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Washington DC Attractions and the New World War 2 Memorial

I was recently in the Washington DC area for a close friend’s wedding celebration and decided it would be a great idea to stay an extra day or two to explore a few of the Washington DC attractions. The itinerary was simple. Wing it.

So, with that in mind, I think this trip was super successful because my girlfriend and I got to see DC lit up at night, The White House, Spy Museum, Olde Town Alexandria, and a whole bunch of other historical monuments like the World War 2 Memorial and the Washington Monument.

For those of you who aren’t familiar with the Washington DC area, the public transportation system is convenient, fast, and extremely easy to navigate. The Metro has a color coded system that navigates through DC and parts of Virginia in lighting fast time for a modest fee.

Spy Museum

Appearances can be deceiving; that saying rings true for the exterior of the Spy Museum as well. Most of the buildings in the DC area are exquisitely detailed and grand. Not as much with the Spy Museum… it was a nice looking building, but it appeared small.

Appeared is the key word here; we were astonished to realize the massive size of this building by the length of time that the self guided tour took to complete. The exhibit displays gadgets that were used through the ages and gives you a side by side comparison of how the technology has evolved over time. Audio/Visual bugs were really stealthy, even 50 years ago.

The tour progressed from technology and tactics to famous spys and stories that would have surprised even the most analytical person.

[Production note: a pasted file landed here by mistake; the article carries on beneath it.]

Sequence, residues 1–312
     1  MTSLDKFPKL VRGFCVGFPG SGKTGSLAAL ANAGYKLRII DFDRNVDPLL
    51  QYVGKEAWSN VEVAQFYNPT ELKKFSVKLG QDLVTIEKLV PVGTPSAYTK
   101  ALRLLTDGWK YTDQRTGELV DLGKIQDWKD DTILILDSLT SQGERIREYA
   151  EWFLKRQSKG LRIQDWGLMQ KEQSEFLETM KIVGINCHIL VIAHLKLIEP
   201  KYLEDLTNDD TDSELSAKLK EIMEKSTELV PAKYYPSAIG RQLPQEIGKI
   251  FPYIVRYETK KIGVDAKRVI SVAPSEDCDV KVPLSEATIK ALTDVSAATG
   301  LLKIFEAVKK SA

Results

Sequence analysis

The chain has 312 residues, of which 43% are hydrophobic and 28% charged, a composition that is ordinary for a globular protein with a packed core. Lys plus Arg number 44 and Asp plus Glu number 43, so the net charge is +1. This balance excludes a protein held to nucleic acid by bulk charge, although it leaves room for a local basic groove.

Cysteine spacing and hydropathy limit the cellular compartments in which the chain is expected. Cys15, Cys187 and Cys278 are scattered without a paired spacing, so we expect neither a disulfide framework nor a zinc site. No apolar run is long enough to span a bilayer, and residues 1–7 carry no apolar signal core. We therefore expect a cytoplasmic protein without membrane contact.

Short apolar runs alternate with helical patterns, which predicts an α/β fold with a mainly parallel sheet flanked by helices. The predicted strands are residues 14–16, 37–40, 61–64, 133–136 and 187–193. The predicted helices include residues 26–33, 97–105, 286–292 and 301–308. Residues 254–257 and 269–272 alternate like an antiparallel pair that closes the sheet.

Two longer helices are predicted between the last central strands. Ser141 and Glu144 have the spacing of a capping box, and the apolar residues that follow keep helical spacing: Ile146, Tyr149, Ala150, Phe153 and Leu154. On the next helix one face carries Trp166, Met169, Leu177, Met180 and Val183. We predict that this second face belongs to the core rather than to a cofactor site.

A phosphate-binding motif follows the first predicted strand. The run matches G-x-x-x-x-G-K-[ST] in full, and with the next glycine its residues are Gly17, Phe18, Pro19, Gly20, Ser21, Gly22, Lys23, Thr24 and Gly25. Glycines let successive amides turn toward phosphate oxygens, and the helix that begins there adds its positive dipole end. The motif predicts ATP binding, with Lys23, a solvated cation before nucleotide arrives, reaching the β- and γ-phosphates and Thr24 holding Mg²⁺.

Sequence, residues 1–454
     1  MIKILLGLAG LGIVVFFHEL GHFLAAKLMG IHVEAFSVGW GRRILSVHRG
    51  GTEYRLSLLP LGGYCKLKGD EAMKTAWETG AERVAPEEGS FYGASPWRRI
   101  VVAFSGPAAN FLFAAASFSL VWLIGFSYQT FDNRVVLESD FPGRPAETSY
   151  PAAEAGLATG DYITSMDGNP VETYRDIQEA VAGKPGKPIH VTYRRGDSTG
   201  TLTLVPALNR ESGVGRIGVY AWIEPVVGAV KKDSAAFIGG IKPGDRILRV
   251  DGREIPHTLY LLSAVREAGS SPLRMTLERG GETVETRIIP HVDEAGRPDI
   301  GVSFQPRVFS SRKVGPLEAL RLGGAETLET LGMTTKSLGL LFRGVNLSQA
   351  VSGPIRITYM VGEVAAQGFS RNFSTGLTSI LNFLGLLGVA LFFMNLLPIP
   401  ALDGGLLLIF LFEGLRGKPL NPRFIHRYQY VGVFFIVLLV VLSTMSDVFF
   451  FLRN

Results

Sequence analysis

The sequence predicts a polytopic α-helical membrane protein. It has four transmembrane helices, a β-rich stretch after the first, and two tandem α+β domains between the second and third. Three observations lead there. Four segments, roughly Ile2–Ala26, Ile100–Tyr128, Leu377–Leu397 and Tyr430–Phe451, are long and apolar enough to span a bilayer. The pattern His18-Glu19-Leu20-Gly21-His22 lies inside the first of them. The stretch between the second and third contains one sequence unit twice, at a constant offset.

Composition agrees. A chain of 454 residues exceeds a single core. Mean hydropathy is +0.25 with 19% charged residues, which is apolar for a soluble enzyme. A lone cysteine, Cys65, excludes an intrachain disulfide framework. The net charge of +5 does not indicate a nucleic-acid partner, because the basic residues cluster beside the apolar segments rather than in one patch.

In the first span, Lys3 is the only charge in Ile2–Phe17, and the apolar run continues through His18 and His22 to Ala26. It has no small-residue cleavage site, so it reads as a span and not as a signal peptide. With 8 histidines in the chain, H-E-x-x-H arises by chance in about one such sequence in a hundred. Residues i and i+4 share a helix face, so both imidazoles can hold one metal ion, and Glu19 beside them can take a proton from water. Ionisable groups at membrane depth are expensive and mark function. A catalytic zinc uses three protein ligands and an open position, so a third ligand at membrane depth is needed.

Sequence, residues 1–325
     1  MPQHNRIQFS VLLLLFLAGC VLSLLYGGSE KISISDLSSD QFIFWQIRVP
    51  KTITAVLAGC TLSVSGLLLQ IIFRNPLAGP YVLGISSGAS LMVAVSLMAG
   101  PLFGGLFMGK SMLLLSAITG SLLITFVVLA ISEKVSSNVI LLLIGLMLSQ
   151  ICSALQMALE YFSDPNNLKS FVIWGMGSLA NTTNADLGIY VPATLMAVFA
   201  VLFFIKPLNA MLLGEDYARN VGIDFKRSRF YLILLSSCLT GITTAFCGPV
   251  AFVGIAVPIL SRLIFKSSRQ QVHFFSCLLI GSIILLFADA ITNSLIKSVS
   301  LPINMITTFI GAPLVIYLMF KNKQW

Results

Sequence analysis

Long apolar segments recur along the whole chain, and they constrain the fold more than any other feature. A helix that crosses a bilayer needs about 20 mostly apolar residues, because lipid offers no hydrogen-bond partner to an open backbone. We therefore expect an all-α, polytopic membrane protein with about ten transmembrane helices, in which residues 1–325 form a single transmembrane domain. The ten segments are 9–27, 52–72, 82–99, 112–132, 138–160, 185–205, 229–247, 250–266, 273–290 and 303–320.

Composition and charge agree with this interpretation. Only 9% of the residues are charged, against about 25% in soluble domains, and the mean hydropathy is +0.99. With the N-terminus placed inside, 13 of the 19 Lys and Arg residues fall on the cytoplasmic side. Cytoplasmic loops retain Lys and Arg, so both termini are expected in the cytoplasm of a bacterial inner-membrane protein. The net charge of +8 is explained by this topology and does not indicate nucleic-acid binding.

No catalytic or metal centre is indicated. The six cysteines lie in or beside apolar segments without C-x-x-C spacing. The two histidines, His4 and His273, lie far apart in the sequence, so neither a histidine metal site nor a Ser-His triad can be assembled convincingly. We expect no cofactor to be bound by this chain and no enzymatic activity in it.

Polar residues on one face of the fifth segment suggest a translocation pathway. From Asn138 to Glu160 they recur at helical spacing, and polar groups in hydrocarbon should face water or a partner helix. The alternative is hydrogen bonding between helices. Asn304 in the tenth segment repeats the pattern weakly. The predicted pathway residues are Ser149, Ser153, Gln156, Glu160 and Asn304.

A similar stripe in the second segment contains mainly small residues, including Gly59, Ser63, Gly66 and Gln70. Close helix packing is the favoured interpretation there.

Be sure to put this museum on your to-do list for the next visit.

World War 2 Memorial

There is no better time to see Washington DC attractions than at night. The lighting is intricate and well thought out, from smaller pillar lights to flood lights for the Washington Monument. Even walkways have recessed lighting to help lead your eyes. The Mall is also less crowded so navigating to your destination is much easier.

The World War II Memorial looks great. I especially liked the pillars that surrounded the monument. Each pillar represents a state and was adorned with a wreath. Spend some time here and make sure you pay attention to every last detail. Look for significance in the gold stars and make sure you read the placards. Oh, don’t forget to look up when you’re on either side of the structure near the arches.

A view of the Washington DC World War 2 Memorial at night.

Morristown – Red Church Doors

Morristown, New Jersey is the place to be for that small town charm with urban flair. Their booming nightlife is packed with diverse restaurant selections, eclectic and traditional bars, and shopping that is sure to please anyone looking for the latest trend on a budget.

A few important landmarks are The Morristown Green, the Morristown Train Station, and a wide selection of historic churches.

Morristown Charms with Red Church Doors

Night photography comes alive and these red church doors are illuminated with floodlight. The play on highlight and shadow is what caught my attention – one door has great highlights, while the other sits in darkness. I think the lighting was coincidental, but there’s a deeper meaning here; light vs. dark, or more abstractly represented, Good vs. Evil.

A Morristown historic church's doors are illuminated with a deeper meaning, Good Vs. Evil.

Church Architecture – Day 13

Church architecture is always very beautiful, even if the structure is old and falling apart. I am drawn to the stained glass, the old stone work, and its moody and ethereal lighting.

My immediate surrounding area is filled with gorgeous churches that light up the roads on which they reside and I am constantly pulled in their direction to take a few photos. My initial intention was to go inside, but it was too late and the doors were closed and locked. I thought church doors are always open for visitation? Oh well, there’s always next time.

For today, I captured a night shot of the exterior church architecture highlighting the front door and its elaborate stone work. I think the deep black sky really helps pull the building into focus.